Are Today’s Cars Safer?

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Posted on 15th April 2018 – Car Technology

All the literature you will find is unanimous: today’s cars are much safer than they were two decades ago. To prove this point, NCAP, the Euro New Car Assessment Programme in Europe, produced a video in 2017 to ‘celebrate’ its 20 years’ existence, by crashing a car from 1997 and one from 2017 and analysing the results.


And they are sobering. The crash dummies in the 1997 cars are shown sliding around the airbags meant to protect them, the car structure crumples on impact, driving the engine into the driver’s legs. The doors are so damaged that it would be impossible for emergency services to reach the car’s occupants easily. The passengers in the 2017 car fare much better with safety measures aimed at preserving the integrity of the car structure.

So-called crumple zones are a crucial technological advance which minimises the shock of an impact on passengers and drivers. Located at the front, sides and rear of vehicles, they are designed so that the energy of the crash is deflected from occupants.

A strong metal skeleton around the cabin protects passengers and drivers from the issue demonstrated in the video by preventing the steering column, dashboard, roof pillars, pedals and floor panels to be pushed inwards as well as protecting the doors so that they are still functional.

There are numerous other technological advances that have made cars safer, but these are particularly interesting because, by making the people inside the cars safer, they have made cars more dangerous for people outside: if the structure of the car will not yield during a collision with a pedestrian, it is their bodies who will absorb the shock of it, at the cost of their lives or at least leaving them with very serious injuries.

Over 270,000 pedestrians die on roads each year worldwide – that’s almost a quarter of all road deaths. In Australia, one pedestrian is killed every two days, most of them in cities, and in many places, walking is more dangerous than driving, despite traffic control measures and the fact that walking is about the slowest travelling speed possible.

Various policies have been put in place over the years to try and make roads safer for pedestrians by leaning on drivers with breath-testing, speed cameras and traffic control measures but they have had limited success: although random breath-testing was implemented 34 years ago in New South Wales for example, 12% of car crashes in that state are still caused by alcohol; speed cameras may indeed be somewhat effective but 33% of crashes in the state are speed related.

These problems endure because these policies are fundamentally flawed: they rely on drivers abiding by traffic rules and being deterred by penalties when, let’s be honest, we all turn into short-tempered banshees as soon as we sit behind a wheel and all we care about is going from A to B as quickly as possible!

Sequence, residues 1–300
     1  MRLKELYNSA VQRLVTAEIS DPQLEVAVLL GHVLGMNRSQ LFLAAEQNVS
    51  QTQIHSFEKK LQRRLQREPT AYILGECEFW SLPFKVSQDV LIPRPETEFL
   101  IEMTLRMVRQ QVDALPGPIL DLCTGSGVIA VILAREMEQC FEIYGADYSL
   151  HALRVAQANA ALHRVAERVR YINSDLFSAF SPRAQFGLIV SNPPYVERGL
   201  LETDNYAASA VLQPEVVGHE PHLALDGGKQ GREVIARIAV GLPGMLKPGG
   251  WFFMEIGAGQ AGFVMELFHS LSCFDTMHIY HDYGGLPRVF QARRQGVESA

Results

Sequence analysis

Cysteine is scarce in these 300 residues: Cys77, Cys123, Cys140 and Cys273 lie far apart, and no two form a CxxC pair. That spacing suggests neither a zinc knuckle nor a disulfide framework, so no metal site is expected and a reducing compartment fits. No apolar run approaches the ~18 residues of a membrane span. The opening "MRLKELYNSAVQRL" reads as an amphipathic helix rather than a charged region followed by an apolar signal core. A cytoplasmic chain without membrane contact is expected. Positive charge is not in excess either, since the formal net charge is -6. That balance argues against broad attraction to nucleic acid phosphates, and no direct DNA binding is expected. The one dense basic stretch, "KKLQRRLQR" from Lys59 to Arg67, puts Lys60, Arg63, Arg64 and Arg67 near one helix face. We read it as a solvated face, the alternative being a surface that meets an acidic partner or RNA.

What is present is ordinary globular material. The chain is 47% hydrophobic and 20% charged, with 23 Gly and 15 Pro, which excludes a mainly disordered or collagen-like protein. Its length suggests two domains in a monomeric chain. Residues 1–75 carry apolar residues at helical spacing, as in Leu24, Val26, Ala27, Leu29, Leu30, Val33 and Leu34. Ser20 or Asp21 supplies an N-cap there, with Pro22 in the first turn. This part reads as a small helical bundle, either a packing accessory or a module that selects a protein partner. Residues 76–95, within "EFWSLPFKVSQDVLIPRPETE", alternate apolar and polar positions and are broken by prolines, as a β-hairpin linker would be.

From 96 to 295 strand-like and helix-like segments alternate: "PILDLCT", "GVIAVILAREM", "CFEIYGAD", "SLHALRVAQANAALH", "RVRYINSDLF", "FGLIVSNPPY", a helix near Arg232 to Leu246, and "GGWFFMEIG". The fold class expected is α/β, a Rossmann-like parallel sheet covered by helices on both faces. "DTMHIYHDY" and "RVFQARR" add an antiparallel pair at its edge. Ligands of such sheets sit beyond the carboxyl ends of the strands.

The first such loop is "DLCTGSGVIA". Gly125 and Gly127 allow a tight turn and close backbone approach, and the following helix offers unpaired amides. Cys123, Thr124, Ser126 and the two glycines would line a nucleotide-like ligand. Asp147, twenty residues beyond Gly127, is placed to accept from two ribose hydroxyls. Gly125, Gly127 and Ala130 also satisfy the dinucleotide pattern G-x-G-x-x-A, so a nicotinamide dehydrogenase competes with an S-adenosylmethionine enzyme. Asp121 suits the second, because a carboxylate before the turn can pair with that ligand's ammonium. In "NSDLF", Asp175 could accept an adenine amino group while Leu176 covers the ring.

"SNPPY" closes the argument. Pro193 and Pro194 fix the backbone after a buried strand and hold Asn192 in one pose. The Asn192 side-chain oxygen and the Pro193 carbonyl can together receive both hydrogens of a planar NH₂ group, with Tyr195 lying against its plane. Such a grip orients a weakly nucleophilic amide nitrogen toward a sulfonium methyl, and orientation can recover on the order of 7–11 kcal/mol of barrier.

In addition to human nature, the fact is that our reflexes are sometimes too slow and that a mere second of inattention can lead even the most careful and well-intentioned driver into a collision.

There may be some improvement on the horizon, however, as the automotive industry has a few cards up its sleeve, some of them better than others.

A few months ago, Google revealed a new programme that would make its driverless cars safer for pedestrians – once the technology is really working and they, actually, no longer kill them by accident!

Although a common expression is that people get ‘run over’ by a car, it is, obviously not to be taken literally. To be run over, someone would have to be lying on the ground in the first place! What actually happens in a car vs human encounter is that the person is flipped in the air or over the car. Google’s solution? Stick ’em to the car! Google proposes to coat the exterior of its autonomous vehicles with an adhesive so that pedestrian adhere to it. Granted, this would save them from a rough landing but, somehow, this doesn’t sound quite like the safest idea!

American car manufacturer General Motors has been granted a patent for another novel idea: they would install airbags on the outside of cars so that, in the case of an impact, pedestrians would be shoved out of the way for their own safety… That ought to teach them!

However, there are other ideas out there that sound a whole lot better than dragging pedestrians glued to your bonnet like a fly or ejecting them forcefully!

Over the last decade, various technological features aimed at assisting drivers can also benefit pedestrian safety with some adjustments.

Sensors, for example. Although they were developed to help with parking, they could as easily be used to become aware of pedestrians, and car manufacturers are currently testing a new type of sensors that would automatically stop the car when it is getting too close to a person.

The technology around driverless cars could also be very useful. They are, for example, able to communicate with one other and this could be used to alert other cars to errant pedestrians or situations that may be dangerous to them.

But improving car features isn’t the only option. An increasing number of cities have put in place measures that have been helping to reduce the number of accidents, from using cameras and sophisticated algorithms to analyse traffic and adjust traffic lights accordingly to smooth out congestion, to installing sensor pads by pedestrian crossings that double as traffic light buttons if people cross when the light isn’t green for them.

Making cars as safe for pedestrians as for their occupants is clearly a complex issue that will require the participation of many actors but technologies are at hand to remedy the current situation.

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